In quite a big relief to district central cooperative banks, the finance ministry has allowed it to deposit the banned Rs 500 and Rs 1,000 notes with the Reserve Bank by July 20. The ministry has allowed DCCBs to exchange any old junked notes with RBI in the next one month, which were collected between November 10 and November 14 last year.
The government has also allowed banks and post offices the same facility for junked notes collected by them till December 30 last year.
Now, what is strange in all of this is the timing of the notification. A Telegraph report notes that this sudden decision could be the government's way to impress political parties to support their chosen candidate for the President post, Ram Nath Kovind.
The Shiv Sena wanted the Reserve Bank of India (RBI) to exchange old notes worth Rs 2,771.856 crore in central cooperative banks for new ones. They have been demanding this since the demonetisation move.
On Wednesday, just hours after this announcement by the finance ministry, Sena chief Uddhav Thackeray announced that his party will support BJP's presidential candidate Ram Nath Kovind.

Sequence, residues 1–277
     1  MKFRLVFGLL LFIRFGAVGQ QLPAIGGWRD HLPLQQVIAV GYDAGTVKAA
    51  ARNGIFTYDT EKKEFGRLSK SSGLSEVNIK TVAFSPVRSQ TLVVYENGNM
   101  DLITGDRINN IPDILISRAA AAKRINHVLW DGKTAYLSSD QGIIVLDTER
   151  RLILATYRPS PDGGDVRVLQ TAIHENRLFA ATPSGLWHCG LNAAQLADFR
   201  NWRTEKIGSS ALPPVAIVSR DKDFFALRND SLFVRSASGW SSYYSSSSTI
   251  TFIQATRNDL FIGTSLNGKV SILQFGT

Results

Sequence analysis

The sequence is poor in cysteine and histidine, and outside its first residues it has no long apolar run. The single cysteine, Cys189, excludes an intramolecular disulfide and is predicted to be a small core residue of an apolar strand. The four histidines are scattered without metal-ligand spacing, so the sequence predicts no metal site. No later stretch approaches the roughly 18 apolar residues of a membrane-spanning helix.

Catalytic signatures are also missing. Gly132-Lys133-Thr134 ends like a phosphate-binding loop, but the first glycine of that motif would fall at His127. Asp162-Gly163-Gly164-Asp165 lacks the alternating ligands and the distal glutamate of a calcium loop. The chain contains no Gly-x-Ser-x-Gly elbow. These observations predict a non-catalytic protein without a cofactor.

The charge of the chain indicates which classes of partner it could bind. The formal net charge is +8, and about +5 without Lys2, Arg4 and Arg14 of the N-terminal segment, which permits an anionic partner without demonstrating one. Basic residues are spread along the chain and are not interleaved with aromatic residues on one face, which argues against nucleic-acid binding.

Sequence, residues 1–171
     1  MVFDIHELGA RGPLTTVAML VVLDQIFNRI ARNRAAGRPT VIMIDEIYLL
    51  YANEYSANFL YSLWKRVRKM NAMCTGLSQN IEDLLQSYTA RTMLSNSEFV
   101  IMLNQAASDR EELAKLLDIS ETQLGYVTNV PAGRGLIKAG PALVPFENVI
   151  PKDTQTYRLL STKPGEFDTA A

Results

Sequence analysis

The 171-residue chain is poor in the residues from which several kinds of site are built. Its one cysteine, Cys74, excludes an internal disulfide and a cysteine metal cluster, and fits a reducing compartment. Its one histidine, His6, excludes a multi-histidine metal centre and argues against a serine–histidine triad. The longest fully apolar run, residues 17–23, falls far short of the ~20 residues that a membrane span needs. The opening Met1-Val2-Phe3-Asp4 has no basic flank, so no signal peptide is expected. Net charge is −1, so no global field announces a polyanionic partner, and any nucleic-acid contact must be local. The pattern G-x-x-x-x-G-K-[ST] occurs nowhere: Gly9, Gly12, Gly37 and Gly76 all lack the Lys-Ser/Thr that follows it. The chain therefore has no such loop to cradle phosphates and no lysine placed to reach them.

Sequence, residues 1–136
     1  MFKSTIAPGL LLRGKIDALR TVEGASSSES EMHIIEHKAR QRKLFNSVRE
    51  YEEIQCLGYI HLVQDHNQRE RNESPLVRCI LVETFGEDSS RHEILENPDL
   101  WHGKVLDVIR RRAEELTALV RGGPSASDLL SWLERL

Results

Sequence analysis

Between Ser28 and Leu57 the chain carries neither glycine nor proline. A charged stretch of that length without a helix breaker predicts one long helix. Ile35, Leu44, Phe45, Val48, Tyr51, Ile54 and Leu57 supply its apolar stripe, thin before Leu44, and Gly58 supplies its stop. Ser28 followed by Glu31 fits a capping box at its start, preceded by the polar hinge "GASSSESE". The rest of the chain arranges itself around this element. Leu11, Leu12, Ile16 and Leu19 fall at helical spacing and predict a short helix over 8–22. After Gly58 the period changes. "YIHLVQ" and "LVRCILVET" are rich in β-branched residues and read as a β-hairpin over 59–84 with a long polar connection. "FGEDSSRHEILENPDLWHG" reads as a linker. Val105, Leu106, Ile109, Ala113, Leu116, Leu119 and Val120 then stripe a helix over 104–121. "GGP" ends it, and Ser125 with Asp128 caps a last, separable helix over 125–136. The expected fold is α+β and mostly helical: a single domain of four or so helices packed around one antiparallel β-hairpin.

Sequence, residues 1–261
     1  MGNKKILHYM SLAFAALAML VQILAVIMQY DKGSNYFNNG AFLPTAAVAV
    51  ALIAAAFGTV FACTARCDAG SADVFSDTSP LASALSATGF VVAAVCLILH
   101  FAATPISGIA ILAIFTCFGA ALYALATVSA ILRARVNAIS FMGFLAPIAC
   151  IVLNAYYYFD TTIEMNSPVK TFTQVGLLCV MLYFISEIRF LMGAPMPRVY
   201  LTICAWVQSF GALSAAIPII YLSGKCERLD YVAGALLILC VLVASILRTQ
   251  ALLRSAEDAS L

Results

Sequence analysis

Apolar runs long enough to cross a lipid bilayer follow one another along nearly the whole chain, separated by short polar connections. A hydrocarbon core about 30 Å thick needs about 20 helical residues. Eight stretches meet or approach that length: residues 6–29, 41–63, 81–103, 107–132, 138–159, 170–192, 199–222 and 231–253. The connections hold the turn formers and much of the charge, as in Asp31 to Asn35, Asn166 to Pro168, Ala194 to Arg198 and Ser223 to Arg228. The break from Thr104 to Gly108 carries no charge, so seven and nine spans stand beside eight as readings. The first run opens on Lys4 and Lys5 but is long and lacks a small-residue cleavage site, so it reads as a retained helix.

"We fully support Kovind. He has a nice personality. He has done a lot of good work," Thackeray said at a press conference. This was a total U-turn by the Shiv Sena. Just two days ago, Thackeray had criticized the BJP for choosing a Dalit candidate, accusing them of engaging in a petty vote-bank politics.
Meanwhile, Sharad Pawar's NCP is likely to make its stand clear on the President pick by tomorrow. And NCP has had the same demand like the Shiv Sena for a while-- Lifting of freeze on the cooperative bank cash stash.
Isn't this too much of a co-incidence? The finance ministry's announcement and the government trying to woo parties right before the Presidential election?
When former Finance Minister P Chidambaram tweeted about the "perfectly timed" notification, it led to a backlash from BJP supporters who blasted "the Gandhi family chamcha" for smelling a conspiracy.
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